After two years in the pipeline, the industry-backed new regulations entered into force last week under the European directive 2003/114/EC.
"They are destined to put an end to consumer confusion between industrial and food grade CMC," Johan Ven de Koppel at Noviant, a Finnish supplier of CMC, told FoodNavigator.com.
The driving force behind the changes to the directive came from the industry itself, which was keen to clarify the difference on labels betwen industrial and food grade CMC that they claim confused both consumers and food processors. A clarification that could open the way to new revenue opportunities.
"CMC has a wide variety of applications from wallpaper glue to bakery products. As an industry we ran into the same reaction ?there was confusion because the name was the same for all products," said Ven de Koppel.
Parallel to the 'confusion element?was the desire to provide manufacturers with a fitting alternative to the European designated 'E466?option for food labels. Clearing up the confusion could help persuade food manufacturers to use cellulose gum rather than other thickeners or stabilisers in their food applications and up the $100 million figure currently spent annually on CMC in food applications. "We hope that a hurdle has been taken away," commented Ven de Koppel.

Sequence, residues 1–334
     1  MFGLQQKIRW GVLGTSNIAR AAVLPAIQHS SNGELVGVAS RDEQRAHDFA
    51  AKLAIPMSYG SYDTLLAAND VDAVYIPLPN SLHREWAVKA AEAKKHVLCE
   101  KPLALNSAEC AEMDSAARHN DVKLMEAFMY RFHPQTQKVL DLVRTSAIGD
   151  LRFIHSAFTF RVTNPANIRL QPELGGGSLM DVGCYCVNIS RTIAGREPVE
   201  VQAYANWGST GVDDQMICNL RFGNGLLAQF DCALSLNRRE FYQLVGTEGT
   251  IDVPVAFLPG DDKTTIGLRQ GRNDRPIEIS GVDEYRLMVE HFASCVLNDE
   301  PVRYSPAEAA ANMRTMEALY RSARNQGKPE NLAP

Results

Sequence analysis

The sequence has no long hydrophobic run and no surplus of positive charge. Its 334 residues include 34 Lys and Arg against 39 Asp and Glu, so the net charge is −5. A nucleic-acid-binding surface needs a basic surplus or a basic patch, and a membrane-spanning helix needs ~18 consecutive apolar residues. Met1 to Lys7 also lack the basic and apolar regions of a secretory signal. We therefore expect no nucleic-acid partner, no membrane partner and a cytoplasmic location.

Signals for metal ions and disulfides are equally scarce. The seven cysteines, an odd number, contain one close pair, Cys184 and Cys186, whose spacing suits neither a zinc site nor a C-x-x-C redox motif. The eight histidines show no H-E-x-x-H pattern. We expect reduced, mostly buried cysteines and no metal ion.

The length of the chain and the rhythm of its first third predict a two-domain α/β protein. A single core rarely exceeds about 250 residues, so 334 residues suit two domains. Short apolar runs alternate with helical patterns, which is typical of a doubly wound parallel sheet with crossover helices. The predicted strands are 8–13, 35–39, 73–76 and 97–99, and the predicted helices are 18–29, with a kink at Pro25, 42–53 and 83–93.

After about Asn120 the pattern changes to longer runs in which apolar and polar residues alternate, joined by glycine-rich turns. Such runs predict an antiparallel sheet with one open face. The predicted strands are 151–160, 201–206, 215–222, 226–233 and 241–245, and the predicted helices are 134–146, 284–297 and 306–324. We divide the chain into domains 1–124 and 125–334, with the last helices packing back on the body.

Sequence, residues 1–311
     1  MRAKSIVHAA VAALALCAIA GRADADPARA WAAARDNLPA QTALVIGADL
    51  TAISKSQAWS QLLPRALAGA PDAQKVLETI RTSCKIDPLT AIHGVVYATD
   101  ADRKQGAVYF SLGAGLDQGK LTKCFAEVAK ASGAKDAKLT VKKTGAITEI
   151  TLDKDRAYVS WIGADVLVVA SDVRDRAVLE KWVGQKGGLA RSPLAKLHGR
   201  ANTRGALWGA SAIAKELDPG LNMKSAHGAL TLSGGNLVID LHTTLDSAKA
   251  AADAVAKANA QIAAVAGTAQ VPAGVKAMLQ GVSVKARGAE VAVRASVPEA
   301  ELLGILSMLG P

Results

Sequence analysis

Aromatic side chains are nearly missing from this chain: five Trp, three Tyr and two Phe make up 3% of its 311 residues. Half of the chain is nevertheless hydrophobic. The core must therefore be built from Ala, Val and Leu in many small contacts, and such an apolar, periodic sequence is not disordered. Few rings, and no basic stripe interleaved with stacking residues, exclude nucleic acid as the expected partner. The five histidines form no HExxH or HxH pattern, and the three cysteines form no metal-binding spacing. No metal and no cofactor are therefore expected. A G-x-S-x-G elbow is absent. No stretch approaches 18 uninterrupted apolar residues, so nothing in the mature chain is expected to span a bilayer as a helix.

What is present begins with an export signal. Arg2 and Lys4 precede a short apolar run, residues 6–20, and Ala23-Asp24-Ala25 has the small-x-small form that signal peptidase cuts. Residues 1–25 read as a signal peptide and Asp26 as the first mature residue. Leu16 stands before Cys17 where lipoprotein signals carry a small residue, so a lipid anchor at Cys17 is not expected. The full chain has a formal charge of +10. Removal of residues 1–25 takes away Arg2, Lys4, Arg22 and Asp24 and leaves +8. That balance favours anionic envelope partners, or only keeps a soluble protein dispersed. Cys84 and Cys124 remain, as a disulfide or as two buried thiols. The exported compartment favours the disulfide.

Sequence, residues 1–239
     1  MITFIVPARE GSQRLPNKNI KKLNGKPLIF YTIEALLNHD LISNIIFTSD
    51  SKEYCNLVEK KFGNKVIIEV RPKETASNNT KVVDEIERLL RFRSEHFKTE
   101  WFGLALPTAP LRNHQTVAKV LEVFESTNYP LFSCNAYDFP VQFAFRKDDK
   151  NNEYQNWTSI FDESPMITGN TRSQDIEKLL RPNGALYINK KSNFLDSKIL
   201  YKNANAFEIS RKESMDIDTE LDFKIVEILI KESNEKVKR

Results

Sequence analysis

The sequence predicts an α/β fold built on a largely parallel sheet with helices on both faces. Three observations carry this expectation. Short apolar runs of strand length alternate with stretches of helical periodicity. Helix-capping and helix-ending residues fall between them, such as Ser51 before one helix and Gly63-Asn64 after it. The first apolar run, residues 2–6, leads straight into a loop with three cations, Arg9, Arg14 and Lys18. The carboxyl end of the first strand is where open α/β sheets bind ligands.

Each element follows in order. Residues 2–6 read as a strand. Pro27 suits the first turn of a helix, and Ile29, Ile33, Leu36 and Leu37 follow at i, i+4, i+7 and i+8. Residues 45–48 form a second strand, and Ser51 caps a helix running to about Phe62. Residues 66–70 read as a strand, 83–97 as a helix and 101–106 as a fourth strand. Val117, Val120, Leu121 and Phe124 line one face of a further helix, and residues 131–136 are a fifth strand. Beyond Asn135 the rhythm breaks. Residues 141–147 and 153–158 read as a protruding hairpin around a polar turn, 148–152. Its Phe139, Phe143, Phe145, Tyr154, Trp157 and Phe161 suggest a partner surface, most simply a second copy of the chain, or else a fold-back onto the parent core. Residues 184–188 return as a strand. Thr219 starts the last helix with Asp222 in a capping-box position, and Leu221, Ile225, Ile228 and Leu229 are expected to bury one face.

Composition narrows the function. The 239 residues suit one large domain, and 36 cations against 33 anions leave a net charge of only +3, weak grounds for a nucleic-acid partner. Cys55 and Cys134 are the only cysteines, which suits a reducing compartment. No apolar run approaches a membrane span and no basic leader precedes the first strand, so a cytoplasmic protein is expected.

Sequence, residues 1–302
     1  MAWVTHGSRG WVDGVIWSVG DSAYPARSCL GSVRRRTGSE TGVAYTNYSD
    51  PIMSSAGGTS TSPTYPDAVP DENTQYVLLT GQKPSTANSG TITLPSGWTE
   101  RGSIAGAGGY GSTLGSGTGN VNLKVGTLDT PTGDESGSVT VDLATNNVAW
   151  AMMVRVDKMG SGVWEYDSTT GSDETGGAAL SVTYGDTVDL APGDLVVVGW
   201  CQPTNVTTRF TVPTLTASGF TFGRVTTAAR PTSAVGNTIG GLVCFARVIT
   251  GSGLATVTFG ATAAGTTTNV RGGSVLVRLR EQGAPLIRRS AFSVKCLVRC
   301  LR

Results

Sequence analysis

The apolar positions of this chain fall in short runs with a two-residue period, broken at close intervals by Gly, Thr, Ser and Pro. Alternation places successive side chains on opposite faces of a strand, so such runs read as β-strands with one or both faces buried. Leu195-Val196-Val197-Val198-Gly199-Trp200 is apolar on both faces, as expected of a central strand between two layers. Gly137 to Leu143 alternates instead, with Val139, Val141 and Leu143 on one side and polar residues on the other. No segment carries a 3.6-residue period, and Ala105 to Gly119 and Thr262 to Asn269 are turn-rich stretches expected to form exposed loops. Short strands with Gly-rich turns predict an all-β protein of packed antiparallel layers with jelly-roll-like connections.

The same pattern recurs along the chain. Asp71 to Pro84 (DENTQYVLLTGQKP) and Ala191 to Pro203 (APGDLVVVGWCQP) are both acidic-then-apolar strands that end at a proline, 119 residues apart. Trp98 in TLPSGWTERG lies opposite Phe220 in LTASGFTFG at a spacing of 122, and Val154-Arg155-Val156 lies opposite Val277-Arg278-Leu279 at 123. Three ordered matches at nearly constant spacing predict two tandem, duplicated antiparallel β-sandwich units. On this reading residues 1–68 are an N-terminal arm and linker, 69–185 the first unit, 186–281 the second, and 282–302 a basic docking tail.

E numbers are still unpopular in some European countries, for example Germany, but manufacturers lacked any options ?the rules required either CMC or E466 on the ingredients label. In contrast, cellulose gum could hit the right note.
The term cellulose gum is already widely used as a pseudonym for CMC in product specifications. The amendments published last week in the EU's Official Journal bring harmonisation to the global CMC stage, notably because the US already uses cellulose gum for food grade CMC.
Sourced from cellulose fibre (wood pulp, cotton linters) CMC products are supplied in three grades with the high-purity, 99.5 per cent minimum, and are used by the food industry in a range of applications including ice cream, yoghurt, dairy drinks and processed food. Other functionalities include water binding, film forming, dietary fibre, encapsulation and suspension.
Noviant, acquired in 2001 by US chemicals group Huber, is the world's biggest producer of CMC with a 30 per cent slice of the world market. Last week Huber revealed further ambitions in the hydrocolloid marketplace buying up Hercules?28.57 per cent stake in xanthan gum leader CP Kelco.